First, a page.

EU elections 2019: Rise of nationalist trends and populism in Europe challenges the EU edifice

Press conference by Jean-Claude Juncker, President of the EC, ahead of the Informal EU27 Leaders’ meeting in Sibiu, Romania Date: 07/05/2019. Location: Brussels – EC/Berlaymont. © European Union, 2019. Source: EC – Audiovisual Service

The European elections are going to be held in just two weeks’ time and far-right propaganda is gaining momentum creating concerns to everyone regarding the future of the EU, which is at stake. Populism and nationalism have dramatically risen in the EU during the last years menacing democratic institutions within a number of European member states.

The President of the European Commission prompted the European citizens yesterday to think carefully before voting in the EU elections. The EC president’s concerns originate from the fact that populist and nationalist parties gain ground, as per recent polls.

Furthermore, Hungarian Prime Minister Viktor Orbán stated last Monday that he will not support EPP’s leader, Manfred Weber, as the European Commission president, following the decision of EPP to freeze the Hungarian ruling party “Fidesz” last March.

EU elections polls

Populism and far-right propaganda are growing in the EU; especially in France and Germany. More specifically, Marine Le Pen’s far-right party will gain 22% of the vote overtaking Emmanuel Macron’s party according to an Ipsos poll which was released last Sunday. However, it is not the first time that such an outcome occurs showing that populists will clearly benefit from the upcoming EU elections.

According to political science, these elections have been historically used as second-order elections which reflect on the electorate’s dissatisfaction against the incumbent government and EU integration as a whole.

Germany is another country which is demonstrating similar signs of surging populism according to the Friedrich Ebert Foundation. A recent study which was published by this foundation reveals that populism in the country has increased and particularly one out of three citizens expresses anti-democratic views.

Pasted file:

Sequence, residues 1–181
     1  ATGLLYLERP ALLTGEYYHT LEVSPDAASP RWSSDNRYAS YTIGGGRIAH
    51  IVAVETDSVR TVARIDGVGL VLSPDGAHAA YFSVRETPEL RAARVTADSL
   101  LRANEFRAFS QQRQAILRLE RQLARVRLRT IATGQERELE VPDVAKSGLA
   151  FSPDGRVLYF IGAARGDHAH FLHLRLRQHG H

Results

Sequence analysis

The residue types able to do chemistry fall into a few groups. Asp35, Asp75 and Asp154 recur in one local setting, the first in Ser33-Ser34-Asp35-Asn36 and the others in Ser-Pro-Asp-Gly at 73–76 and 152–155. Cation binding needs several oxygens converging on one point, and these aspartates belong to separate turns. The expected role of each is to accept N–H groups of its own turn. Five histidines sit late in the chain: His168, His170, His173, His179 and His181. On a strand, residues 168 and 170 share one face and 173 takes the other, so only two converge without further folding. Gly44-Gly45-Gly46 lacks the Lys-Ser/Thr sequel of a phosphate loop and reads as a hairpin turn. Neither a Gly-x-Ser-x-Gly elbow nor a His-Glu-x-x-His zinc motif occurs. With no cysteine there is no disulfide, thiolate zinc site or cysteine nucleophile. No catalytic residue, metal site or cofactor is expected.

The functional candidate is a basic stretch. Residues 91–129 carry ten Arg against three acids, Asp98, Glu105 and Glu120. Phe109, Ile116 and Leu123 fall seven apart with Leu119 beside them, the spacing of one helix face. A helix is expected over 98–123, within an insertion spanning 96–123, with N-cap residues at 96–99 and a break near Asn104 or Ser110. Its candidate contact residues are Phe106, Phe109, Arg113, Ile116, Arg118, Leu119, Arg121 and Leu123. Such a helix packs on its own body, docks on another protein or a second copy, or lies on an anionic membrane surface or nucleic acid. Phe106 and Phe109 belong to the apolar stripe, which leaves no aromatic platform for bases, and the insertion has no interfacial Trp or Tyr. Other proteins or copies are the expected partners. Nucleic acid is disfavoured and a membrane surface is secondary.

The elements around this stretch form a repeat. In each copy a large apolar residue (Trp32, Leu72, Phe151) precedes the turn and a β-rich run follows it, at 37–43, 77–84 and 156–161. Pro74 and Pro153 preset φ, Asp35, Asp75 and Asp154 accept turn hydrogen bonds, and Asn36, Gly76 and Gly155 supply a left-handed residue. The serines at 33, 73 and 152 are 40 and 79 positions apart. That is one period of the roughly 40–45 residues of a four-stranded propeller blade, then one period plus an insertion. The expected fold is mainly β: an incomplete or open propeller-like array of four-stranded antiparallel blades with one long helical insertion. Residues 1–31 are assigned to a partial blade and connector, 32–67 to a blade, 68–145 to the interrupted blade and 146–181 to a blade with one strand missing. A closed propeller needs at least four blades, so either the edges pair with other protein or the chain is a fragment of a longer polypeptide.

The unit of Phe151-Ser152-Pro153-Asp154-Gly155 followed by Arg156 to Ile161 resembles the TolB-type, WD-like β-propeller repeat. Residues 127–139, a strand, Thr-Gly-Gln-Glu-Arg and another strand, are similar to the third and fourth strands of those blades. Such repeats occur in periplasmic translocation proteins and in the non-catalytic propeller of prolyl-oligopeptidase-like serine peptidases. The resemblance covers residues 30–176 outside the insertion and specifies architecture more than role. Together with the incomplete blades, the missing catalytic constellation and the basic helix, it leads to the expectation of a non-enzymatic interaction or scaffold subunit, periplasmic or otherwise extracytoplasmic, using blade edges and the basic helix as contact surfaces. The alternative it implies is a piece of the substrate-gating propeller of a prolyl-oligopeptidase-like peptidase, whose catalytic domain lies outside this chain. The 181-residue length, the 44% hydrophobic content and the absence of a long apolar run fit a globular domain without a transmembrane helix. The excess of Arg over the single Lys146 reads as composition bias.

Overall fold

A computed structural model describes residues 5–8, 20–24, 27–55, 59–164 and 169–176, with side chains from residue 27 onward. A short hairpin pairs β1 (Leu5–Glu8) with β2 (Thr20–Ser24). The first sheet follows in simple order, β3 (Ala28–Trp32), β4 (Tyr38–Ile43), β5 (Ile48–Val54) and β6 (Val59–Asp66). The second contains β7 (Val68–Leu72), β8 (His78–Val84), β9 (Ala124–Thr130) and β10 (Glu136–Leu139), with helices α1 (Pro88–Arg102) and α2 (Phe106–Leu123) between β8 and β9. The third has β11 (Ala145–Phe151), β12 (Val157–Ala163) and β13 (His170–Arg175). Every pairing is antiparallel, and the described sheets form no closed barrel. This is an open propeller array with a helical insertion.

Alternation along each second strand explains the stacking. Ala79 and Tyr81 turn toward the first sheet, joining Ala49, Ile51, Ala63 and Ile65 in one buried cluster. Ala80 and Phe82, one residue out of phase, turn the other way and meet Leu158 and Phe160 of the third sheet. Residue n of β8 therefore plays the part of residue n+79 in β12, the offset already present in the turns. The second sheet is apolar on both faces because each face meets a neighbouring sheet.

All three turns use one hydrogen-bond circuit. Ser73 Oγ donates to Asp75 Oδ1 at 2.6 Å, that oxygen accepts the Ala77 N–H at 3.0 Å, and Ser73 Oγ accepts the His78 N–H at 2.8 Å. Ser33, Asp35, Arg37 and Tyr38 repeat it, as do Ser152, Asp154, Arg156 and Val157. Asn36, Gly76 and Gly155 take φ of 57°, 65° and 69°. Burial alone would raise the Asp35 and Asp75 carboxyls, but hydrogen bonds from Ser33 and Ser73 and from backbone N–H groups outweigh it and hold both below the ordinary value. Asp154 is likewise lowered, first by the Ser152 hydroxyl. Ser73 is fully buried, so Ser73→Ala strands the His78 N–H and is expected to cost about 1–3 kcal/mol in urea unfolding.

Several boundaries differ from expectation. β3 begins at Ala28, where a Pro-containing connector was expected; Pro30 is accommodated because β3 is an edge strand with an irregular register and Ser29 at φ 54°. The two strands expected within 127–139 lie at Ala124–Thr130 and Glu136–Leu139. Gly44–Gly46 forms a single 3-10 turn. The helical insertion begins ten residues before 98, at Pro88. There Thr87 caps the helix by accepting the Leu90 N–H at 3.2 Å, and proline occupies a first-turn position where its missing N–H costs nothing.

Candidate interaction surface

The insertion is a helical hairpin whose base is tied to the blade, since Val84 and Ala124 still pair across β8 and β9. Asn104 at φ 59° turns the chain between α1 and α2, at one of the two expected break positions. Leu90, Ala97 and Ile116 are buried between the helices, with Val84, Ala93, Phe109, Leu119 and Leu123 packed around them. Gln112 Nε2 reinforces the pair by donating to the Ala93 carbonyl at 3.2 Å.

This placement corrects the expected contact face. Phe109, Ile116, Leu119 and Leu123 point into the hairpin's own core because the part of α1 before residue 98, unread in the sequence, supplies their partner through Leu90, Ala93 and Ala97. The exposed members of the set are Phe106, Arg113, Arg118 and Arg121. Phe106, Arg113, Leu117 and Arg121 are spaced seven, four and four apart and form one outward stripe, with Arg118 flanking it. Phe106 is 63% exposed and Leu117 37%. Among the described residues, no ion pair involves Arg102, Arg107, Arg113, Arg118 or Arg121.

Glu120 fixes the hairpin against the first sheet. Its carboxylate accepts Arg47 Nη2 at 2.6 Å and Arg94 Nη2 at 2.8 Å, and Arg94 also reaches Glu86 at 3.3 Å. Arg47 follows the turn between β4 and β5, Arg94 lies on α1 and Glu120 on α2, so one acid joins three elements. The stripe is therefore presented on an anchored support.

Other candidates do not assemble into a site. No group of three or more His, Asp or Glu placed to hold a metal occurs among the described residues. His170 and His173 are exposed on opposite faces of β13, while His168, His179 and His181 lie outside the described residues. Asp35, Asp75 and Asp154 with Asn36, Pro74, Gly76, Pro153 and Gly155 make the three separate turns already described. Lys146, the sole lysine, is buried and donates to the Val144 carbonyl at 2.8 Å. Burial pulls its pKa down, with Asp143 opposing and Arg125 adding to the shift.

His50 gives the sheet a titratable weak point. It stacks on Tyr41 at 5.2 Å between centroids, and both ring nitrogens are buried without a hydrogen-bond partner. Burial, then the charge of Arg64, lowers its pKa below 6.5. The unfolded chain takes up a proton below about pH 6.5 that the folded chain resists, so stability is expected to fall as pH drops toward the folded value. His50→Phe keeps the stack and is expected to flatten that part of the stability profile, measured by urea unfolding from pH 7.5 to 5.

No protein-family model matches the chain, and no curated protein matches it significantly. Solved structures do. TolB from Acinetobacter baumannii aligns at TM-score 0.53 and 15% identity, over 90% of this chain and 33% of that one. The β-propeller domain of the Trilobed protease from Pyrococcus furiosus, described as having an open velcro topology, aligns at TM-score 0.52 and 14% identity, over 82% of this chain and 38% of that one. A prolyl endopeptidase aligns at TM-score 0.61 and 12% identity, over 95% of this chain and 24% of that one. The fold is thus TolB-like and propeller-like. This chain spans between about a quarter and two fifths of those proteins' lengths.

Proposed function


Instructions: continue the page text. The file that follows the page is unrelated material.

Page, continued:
What is more, Bertelsmann Foundation conducted a research among 23.725 voters in twelve European countries. The result of the analysis was that 10% of the interviewees will vote for the right-wing populists and right-wing extremists while the majority will vote against the parties that mostly reject.

Orban against Weber’s candidacy

The Hungarian Prime Minister is no longer supporting Manfred Weber for the EC presidency after the latter’s refusal to accept votes from the far-right Fidesz party in order to be elected as the next EC president. More in detail, Viktor Orbán said two days ago: “If someone insults a country like this, then the prime minister of that country can’t support such a person’s candidacy. We are looking for the appropriate candidate.”

Currently, the Hungarian PM is oriented to bring together the center right and far right as it is the case in Austria where FPÖ governs as part of a coalition with the center-right Austrian People’s Party (ÖVP). However, a model like this is not likely to take place in the EPP party as its lead candidate Weber has rejected the idea of such an alliance.

EU concerns

The entire political system of Europe is under tremendous pressure and people composing the democratic institutions are greatly worrying. Jean-Claude Juncker expressed his concerns regarding the EU elections and urged EU voters to figure out how the EU would be if extremists were to become the leading force.

EU ombudsman Emily O’Reilly attempted last week to underline the importance of everyone’s participation and vote in the EU elections. Her exact words were: “How do we encourage administrations to engage with their citizens when it comes to decision making at national or European level? What can we do to make sure that people feel they have a real say in how their lives are governed and that their votes and voices matter?…Much of my work has been about the breaking of barriers between the EU institutions and EU citizens. It ranges from gentle reminders to respond to a single communication to attempting to open the decision-making processes to greater public view and participation. Knowing that our work has a high purpose is the key to action, innovation, and to a drive for positive and concrete outcomes.”

All in all, the European elections are crucial not only for the EU but also for the world’s democratic powers. The fact that a large part of the EU citizens have fully lost their faith in politicians and vote not based on the person they want to elect but on dissatisfaction nad protest is challenging. It irrevocably contributes to the rise of right-wing extremists and populists.

Naturally, it will be always up to the democratic political parties to truly prove to the European citizens that they do have a noble vision and political strategy for the common good and that they don’t care only about the tax free hefty salaries of an MEP or Commissioner, together with their often unqualified cabinets and friends, who know someone who knew someone else, wearing Prada and working from sunbeds.

Only when the latter takes place the democratic forces of Europe will possibly regain the trust of the EU voters and save the EU project from an abrupt collapse which is bound to endanger peoples’ lives and peace in the Old Continent.

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